And you thought that the Chinese Communists had their heads down and were dealing with the Wuhan virus because of their well-known magnanimity, altruism, and concern for the rest of the world? That was the idlest of speculation, of course. They’ve got other ongoing initiatives that WILL NOT be impeded by a little old thing like a virus, including Made in China 2025, the Belt-Road Initiative, the Maritime Silk Road, the extensive modernization and expansion of the People’s Liberation Army (PLA) and People’s Liberation Army Navy (PLAN), massive technology and intellectual property theft, etc.

And it looks like they’re headed to Mars this summer come hell or high water, too. Who knew?

China’s first journey to Mars is one of the most anticipated space missions of the year. But with parts of the country in some form of lockdown because of the coronavirus, the mission teams have had to find creative ways to continue their work.

Researchers involved in the mission remain tight-lipped about its key aspects, but several reports from Chinese state media say that the outbreak will not affect the July launch — the only window for another two years.

“The launch is so important politically that they will make it happen,” says Raymond Arvidson, a planetary geologist at Washington University in St. Louis, Missouri, who has been involved with several US Mars missions.

The centenary of the founding of the Chinese Communist Party is in 2021, and a successful launch will be a “100-year anniversary gift”, says Wang Chi, a space physicist and director general of the National Space Science Center (NSSC) in Beijing, who is in charge of the scientific payloads involved in the mission.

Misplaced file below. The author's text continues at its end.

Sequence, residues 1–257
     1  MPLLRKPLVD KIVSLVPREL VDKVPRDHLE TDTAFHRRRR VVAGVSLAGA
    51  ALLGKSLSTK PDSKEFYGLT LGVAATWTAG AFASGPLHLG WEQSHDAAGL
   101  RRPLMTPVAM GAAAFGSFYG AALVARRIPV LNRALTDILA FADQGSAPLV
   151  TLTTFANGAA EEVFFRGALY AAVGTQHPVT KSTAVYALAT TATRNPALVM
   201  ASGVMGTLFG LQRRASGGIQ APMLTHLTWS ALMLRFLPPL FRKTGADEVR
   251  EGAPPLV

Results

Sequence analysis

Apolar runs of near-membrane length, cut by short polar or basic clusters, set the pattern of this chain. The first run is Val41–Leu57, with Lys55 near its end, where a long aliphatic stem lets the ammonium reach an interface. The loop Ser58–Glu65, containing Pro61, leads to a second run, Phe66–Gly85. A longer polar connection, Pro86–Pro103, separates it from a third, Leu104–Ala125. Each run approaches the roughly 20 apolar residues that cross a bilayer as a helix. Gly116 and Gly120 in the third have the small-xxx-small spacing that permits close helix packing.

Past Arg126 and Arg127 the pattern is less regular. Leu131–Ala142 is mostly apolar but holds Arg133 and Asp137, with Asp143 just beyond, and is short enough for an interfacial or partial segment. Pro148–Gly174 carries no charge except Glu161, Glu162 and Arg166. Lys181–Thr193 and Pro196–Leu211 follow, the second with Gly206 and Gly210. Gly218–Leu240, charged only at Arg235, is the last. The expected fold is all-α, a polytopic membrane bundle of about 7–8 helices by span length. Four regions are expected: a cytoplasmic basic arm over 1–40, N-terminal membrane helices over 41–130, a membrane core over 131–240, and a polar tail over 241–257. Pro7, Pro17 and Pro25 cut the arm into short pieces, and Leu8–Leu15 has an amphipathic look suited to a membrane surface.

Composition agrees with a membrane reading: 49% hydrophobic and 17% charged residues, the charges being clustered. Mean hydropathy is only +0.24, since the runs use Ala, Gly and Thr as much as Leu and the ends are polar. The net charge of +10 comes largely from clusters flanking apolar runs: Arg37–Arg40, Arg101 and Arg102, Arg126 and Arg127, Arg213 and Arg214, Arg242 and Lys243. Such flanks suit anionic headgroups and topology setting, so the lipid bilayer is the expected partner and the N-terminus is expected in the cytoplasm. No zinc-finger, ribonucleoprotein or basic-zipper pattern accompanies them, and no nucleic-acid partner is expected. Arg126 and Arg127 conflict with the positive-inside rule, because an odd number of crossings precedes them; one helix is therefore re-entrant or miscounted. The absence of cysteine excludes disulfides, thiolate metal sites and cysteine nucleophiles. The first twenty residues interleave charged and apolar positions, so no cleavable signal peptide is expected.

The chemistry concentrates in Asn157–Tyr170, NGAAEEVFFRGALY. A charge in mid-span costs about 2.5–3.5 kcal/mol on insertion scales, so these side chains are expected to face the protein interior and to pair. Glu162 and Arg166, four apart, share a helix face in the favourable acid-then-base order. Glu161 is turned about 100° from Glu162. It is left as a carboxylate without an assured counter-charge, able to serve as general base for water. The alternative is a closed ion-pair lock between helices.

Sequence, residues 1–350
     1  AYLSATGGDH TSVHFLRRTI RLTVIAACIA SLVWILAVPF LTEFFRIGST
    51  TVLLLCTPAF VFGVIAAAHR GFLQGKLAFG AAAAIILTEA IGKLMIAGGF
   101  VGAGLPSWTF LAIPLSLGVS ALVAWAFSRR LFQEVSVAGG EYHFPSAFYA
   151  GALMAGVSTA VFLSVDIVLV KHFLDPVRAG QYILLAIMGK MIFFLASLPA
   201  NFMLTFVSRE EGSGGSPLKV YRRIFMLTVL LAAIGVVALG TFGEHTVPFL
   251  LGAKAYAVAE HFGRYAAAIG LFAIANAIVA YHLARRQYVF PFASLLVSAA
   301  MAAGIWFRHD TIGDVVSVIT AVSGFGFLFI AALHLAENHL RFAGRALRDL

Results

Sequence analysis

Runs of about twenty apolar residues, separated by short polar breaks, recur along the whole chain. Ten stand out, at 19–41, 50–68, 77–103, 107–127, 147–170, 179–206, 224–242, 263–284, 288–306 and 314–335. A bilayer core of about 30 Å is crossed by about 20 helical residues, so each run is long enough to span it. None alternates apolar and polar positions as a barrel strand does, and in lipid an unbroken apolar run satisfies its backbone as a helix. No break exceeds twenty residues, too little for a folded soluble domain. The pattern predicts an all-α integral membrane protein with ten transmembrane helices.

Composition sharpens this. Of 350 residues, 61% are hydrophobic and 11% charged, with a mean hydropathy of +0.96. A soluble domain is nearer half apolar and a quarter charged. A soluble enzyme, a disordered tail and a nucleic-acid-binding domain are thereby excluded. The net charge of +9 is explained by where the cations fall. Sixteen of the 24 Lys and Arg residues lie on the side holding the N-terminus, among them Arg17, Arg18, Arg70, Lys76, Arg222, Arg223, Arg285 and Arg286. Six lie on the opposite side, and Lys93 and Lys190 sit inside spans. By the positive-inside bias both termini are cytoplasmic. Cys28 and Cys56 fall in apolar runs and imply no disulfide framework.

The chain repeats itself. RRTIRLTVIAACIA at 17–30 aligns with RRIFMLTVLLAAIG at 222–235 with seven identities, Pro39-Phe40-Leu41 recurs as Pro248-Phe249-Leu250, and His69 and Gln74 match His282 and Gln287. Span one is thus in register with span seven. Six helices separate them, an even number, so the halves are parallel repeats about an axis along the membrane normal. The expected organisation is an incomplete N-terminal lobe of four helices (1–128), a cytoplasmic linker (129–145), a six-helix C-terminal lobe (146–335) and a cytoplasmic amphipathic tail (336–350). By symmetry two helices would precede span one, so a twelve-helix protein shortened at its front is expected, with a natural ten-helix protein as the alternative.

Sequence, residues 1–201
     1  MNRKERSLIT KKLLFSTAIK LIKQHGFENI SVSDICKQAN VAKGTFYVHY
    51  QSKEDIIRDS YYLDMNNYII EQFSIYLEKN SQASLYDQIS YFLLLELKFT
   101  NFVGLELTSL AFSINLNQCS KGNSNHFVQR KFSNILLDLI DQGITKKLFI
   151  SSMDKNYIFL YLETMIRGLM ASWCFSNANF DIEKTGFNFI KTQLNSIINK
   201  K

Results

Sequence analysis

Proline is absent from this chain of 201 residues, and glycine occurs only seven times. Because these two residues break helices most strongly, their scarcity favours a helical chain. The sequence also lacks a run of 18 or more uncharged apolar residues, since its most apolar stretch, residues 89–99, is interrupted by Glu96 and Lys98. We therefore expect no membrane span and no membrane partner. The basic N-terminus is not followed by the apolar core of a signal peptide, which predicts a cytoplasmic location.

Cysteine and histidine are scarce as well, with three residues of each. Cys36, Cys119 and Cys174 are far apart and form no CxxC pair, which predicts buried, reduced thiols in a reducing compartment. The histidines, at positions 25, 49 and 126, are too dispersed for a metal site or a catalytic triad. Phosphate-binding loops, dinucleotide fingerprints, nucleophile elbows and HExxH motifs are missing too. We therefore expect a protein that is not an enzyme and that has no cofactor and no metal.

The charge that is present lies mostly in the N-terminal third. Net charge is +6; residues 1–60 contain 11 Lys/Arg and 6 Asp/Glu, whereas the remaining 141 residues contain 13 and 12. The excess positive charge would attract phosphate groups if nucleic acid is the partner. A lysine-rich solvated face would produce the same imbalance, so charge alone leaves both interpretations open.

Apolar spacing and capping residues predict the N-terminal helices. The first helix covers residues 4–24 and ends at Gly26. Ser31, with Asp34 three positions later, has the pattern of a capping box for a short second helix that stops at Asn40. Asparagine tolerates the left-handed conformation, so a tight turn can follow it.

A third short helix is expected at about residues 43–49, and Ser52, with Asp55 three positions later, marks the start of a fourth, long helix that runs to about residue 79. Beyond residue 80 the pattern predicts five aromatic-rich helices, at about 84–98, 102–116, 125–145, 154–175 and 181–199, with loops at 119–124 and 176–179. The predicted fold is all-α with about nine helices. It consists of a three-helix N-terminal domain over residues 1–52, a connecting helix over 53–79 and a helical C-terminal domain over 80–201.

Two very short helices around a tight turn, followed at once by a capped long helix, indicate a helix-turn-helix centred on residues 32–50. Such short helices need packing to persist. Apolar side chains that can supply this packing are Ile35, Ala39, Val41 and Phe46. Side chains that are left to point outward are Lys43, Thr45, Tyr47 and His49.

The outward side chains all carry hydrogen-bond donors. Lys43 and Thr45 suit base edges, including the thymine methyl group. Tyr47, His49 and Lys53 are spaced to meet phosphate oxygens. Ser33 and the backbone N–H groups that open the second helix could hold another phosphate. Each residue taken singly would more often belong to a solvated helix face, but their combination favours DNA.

China’s probe, called Huoxing, will include an orbiter, a lander and a rover — the first Mars probe to include all three. The project will have 13 scientific payloads, including several cameras, subsurface radar imagers and particle analyzers, as well as a magnetometer and magnetic-field detector. The mission’s scientific goals include studying the Martian morphology, geology, soil and water–ice distribution.

Wang says the coronavirus outbreak has affected the way his team works, but has not yet caused delays.

This, of course, is quite a big deal for the ChiComs, who are as enamored of a “space race” as the Soviets were about getting a man in space and to the moon before the Americans did. The ChiComs are all about basking in the prestige of being able to pull off a highly complex space mission and timing a Martian landing to coincide with the 100-year anniversary of the Chinese Communist Party. It has to be a very high priority for the ChiComs – probably at least as important as their attempts to contain the damage from the Wuhan virus. This mission immediately makes me wonder about two things:

  • How much of the technology involved in the ChiComs Mars mission was stolen from the United States and reengineered?
  • Will the Chinese infect another planet with the Wuhan virus?

The world will be watching.

The end.

[H/T: JG]

Stu Cvrk
Stu Cvrk served 30 years in the US Navy in a variety of active and reserve capacities, with considerable operational experience in the Middle East and the Western Pacific. An oceanographer and systems analyst through education and experience, Stu is a graduate of the US Naval Academy where he received a classical liberal education which serves as the key foundation for his political commentary. He threads daily on Twitter on a wide range of political, military, foreign policy, government, economics, and world affairs topics.
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